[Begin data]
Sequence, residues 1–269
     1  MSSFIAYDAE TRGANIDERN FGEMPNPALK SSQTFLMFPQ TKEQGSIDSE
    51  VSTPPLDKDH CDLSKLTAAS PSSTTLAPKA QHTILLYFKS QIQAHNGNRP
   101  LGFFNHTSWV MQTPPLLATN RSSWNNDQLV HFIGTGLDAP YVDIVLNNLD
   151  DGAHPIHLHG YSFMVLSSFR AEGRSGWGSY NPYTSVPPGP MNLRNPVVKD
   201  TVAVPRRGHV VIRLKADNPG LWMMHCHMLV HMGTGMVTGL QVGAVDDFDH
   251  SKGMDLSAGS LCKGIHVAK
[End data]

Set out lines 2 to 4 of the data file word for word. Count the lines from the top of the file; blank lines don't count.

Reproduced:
     1  MSSFIAYDAE TRGANIDERN FGEMPNPALK SSQTFLMFPQ TKEQGSIDSE
    51  VSTPPLDKDH CDLSKLTAAS PSSTTLAPKA QHTILLYFKS QIQAHNGNRP
   101  LGFFNHTSWV MQTPPLLATN RSSWNNDQLV HFIGTGLDAP YVDIVLNNLD